“Justice,” one of four 1930s-era murals in the lower rotunda of the B.C. legislature, shows colonial judge Matthew Begbie holding court in Clinton during the Cariboo gold rush of the 1860s. The murals were covered by plaster walls in 2008. (Tom Fletcher/Black Press)

“Justice,” one of four 1930s-era murals in the lower rotunda of the B.C. legislature, shows colonial judge Matthew Begbie holding court in Clinton during the Cariboo gold rush of the 1860s. The murals were covered by plaster walls in 2008. (Tom Fletcher/Black Press)

B.C. prosecutors get new guidelines for dealing with Indigenous accused

‘Bias, racism and systemic discrimination’ in criminal justice

The B.C. Prosecution Service has revised its guidelines for Crown prosecutors when assessing charges and release conditions for Indigenous people, demanding further consideration for racial discrimination as a background to criminal offences.

The new guidelines affect charge assessment, bail and adult probation decisions.

“The status quo is failing Indigenous persons,” says the service’s new Indigenous justice framework document, released Tuesday. “Colonialism, displacement and forced assimilation have contributed to their overrepresentation in all parts of the criminal justice system in Canada. Bias, racism and systemic discrimination continue to aggravate this unacceptable situation. These facts must inform every consideration, decision or action we take in relation to Indigenous persons.”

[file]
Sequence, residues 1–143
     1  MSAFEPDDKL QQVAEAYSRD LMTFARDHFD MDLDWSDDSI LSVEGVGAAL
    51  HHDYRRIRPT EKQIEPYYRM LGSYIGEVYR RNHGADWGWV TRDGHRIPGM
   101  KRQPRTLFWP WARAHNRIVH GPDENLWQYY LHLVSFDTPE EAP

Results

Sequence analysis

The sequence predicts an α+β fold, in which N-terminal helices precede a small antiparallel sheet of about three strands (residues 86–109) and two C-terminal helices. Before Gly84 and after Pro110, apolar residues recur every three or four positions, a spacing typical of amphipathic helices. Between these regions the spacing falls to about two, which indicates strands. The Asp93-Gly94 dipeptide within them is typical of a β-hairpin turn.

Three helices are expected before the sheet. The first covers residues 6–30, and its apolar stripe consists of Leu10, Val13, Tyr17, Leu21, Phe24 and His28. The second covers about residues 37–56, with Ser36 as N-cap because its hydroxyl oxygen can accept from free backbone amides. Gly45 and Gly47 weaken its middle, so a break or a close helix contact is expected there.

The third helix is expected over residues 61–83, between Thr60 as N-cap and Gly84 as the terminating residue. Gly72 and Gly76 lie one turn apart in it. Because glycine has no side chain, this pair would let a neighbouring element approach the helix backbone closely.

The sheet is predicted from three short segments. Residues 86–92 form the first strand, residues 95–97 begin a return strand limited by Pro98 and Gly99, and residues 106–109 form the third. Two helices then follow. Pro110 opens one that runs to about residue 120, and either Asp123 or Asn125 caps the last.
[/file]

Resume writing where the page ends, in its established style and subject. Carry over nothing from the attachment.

The update comes a decade after the Supreme Court of Canada ruled in a case called R v Gladue that Indigenous offenders should be treated differently in sentencing. The case is considered a landmark, as the highest court directed that Indigenous people’s aboriginal heritage and connection in sentencing.

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In the 1999 B.C. case, Jamie Tanis Gladue pleaded guilty to manslaughter for stabbing her common-law husband after celebrating her 19th birthday drinking beer with friends, including the victim, whom she believed was having sex with her sister.

Gladue was sentenced to three years in prison, and was released on day parole after serving six months. The Supreme Court of Canada ruled that the trial judge and B.C. Court of Appeal judges did not adequately consider alternatives to prison, partly because Gladue and the victim were not living on reserve.

The B.C. Prosecution Service also cited R v Ipeelee, a 2012 decision from the Supreme Court of Canada: “The history of colonialism, displacement and residential schools in Canada has translated into lower educational attainment, lower incomes, higher unemployment, higher rates of substance abuse and suicide, and higher levels of incarceration for Indigenous persons.”

Prosecutors also received other policy updates, including a revised policy for transmission of HIV during sexual acts and bail conditions in cases of intimate partner violence.


@tomfletcherbc
tfletcher@blackpress.ca

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